Thursday, February 14, 2008

World Wide Web: The Boostrap Age

Back in 1990, Tim Berners-Lee started the Web with the first web server. At this time internet wasn't mainstream and I was lucky enough to work in a research institute, probably the only one in France to be connected.

At this time internet was used to send email (no spam at all), download files through ftp and read news on newsgroups.

I met several times TBL. He's a pure geek. No surprise it's major invention, the URL, has such an ugly syntax. Ugly, but functional. At least the advantage is that today everybody recognizes an URL and knows what it means, and even basic text editors turn it into an hyperlink connected to a web browser.

This URL is for me what made the WWW possible. It contains all: the protocol, the server, the server port, the document path, anchor, and query. Mixing all this in one "word" is a masterpiece. For example, when the Web is made of one server (actually the one you see in the picture), you should have a good intuition to put the IP of the server as a mandatory item of the URL. And it happens that the URL scaled up to today structure, with billions of servers and web pages...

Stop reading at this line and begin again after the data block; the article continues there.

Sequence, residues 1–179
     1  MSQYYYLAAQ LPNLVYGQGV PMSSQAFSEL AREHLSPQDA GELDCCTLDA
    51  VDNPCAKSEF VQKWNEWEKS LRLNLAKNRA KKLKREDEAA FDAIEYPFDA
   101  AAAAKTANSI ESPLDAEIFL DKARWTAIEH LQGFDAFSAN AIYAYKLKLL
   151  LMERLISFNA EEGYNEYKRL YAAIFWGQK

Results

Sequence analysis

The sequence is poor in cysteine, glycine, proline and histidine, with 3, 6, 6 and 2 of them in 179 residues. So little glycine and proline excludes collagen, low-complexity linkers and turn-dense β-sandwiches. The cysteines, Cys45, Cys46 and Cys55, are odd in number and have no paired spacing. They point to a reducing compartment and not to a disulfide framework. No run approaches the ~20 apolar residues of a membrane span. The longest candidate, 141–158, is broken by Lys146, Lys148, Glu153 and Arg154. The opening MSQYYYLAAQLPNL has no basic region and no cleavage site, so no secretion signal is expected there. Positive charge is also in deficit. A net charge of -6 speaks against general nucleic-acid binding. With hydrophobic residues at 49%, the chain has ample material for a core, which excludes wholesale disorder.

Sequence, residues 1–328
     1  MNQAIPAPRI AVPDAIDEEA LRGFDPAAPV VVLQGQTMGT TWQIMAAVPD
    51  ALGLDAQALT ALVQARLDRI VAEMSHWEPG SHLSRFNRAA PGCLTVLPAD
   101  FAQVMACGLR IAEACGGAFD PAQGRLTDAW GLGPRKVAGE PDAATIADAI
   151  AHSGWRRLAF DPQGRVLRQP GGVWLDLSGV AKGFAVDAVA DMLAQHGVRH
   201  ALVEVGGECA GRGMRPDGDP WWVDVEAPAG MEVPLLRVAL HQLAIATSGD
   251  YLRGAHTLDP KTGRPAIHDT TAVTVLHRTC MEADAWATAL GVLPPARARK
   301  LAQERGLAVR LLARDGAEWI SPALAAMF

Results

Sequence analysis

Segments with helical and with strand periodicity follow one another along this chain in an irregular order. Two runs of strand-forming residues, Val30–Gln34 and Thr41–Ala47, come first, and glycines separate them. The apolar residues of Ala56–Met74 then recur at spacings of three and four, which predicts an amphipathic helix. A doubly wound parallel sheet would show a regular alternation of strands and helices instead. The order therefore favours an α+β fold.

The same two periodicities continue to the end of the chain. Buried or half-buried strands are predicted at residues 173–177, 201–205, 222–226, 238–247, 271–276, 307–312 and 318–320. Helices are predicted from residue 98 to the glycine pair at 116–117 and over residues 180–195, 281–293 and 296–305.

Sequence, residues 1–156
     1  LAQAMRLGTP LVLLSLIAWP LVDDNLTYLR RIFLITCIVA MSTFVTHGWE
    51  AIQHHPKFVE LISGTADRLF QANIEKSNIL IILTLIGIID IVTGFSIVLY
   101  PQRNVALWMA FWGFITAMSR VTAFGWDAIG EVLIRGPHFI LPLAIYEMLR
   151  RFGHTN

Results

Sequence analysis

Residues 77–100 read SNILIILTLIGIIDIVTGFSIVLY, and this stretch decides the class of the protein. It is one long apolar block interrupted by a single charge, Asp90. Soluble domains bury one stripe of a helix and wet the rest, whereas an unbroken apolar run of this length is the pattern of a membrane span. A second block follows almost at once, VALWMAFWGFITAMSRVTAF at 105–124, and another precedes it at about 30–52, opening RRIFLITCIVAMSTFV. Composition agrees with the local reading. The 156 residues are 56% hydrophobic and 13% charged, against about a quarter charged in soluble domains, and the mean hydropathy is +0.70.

Next major breakthrough was "mosaic", in 1993. Mosaic is yet another proof that the UI is essential. The Web as we know it today started with mosaic (which became netscape, then firefox), because it attracted people to the Web technology and started the snow ball effect of always more servers, more documents, and then more reasons to join the Web community.

Next one was alta vista search engine (1995), because Web is anarchy and it became very hard to find out something without the URL. Other search engines existed already, but Alta Vista used Scooter, a web crawler to index all reachable web pages. 10 years ago, Google swept away alta vista with the added value of Page Rank that sorts the result of a search in popular order.

No doubt that these three software milestones marked the history of the Web.

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